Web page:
Massachusetts House Bill 1423 would add a fourth prong to the existing three-prong test to determine what material is “harmful to minors” and may be banned for minors. The fourth prong would apply to content that depicted violence that is patently offensive to “prevailing standards in the adult community, so as to appeal predominantly to the morbid interest in violence of minors.” Disseminating or intending to disseminate such material to a minor would be punishable by up to five years in state prison, a fine of up to $10,000 or both for a first offense.
The purpose of the bill is unclear. It appears to narrow the existing crime for the dissemination of sexually explicit material that is harmful to a minor by applying it only to material that has sexually explicit content and violent content. However, if the intent of the bill is to criminalize material that contains sexual content or violent content, the latter reading would violate the First Amendment, since it is constitutionally impermissible to criminalize speech with violent content.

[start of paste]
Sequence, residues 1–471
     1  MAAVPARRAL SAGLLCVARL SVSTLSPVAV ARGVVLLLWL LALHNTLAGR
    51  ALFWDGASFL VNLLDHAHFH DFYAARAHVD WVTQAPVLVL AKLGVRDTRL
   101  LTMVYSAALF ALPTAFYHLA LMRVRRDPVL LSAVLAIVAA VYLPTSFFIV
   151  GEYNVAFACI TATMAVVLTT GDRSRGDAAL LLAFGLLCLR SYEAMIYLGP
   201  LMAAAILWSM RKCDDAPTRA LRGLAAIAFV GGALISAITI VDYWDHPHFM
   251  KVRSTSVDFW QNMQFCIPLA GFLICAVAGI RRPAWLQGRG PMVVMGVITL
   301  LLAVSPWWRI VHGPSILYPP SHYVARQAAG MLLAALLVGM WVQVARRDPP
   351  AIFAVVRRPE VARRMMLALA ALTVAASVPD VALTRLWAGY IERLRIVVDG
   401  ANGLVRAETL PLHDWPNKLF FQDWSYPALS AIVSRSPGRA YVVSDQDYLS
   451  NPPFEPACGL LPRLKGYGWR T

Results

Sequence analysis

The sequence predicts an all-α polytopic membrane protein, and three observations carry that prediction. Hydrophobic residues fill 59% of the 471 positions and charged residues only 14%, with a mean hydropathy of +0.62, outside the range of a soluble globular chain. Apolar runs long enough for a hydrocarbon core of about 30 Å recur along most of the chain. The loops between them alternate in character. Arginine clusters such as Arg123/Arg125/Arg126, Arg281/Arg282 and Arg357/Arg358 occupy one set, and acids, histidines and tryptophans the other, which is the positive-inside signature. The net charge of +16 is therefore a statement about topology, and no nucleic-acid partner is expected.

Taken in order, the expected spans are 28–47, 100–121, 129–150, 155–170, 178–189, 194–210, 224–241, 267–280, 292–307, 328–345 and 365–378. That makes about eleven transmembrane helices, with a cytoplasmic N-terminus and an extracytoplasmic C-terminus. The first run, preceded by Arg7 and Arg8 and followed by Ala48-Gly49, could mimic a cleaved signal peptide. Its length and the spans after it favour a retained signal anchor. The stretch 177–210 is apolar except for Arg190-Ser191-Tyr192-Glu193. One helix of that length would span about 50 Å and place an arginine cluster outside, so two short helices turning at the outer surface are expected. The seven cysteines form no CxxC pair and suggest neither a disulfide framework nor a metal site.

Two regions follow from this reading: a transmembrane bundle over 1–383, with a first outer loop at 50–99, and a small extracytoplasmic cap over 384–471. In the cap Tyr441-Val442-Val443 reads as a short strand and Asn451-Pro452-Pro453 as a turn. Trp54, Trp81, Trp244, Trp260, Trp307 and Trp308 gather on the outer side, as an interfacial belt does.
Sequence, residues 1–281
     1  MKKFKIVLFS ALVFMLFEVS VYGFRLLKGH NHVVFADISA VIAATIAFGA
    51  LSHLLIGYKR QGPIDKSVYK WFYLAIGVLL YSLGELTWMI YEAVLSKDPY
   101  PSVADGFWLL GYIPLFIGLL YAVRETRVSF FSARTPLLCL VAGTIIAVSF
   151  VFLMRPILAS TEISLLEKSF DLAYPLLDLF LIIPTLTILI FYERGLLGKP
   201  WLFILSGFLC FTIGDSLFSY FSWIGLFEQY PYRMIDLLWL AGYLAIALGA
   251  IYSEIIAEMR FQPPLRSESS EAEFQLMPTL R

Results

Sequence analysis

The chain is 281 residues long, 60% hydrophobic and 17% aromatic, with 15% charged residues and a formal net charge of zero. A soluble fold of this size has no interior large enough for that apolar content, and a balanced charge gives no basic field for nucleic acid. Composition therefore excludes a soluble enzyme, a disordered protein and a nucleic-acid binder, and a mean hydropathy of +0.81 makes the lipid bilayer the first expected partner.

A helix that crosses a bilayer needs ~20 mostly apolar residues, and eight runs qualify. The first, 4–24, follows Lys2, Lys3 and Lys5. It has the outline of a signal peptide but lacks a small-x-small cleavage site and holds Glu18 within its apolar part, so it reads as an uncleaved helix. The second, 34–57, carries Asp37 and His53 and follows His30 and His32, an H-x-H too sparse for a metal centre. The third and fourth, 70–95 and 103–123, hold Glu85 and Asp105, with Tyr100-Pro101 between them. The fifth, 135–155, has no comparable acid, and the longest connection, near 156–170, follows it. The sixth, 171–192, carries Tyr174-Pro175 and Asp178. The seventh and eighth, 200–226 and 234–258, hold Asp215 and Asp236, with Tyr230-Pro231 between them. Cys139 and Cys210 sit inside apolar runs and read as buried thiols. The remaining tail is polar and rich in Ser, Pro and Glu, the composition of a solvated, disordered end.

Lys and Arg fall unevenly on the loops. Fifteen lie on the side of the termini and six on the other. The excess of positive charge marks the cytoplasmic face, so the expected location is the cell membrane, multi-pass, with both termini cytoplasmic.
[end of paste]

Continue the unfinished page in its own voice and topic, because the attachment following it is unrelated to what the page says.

Speech is protected by the First Amendment unless it falls into a few very narrow classes, including defamation, incitement and obscenity. None of these types of speech cited by the Supreme Court include speech with violent content alone. Violent content in otherwise constitutionally protected material is not a permissible subject of government regulation for adults or minors.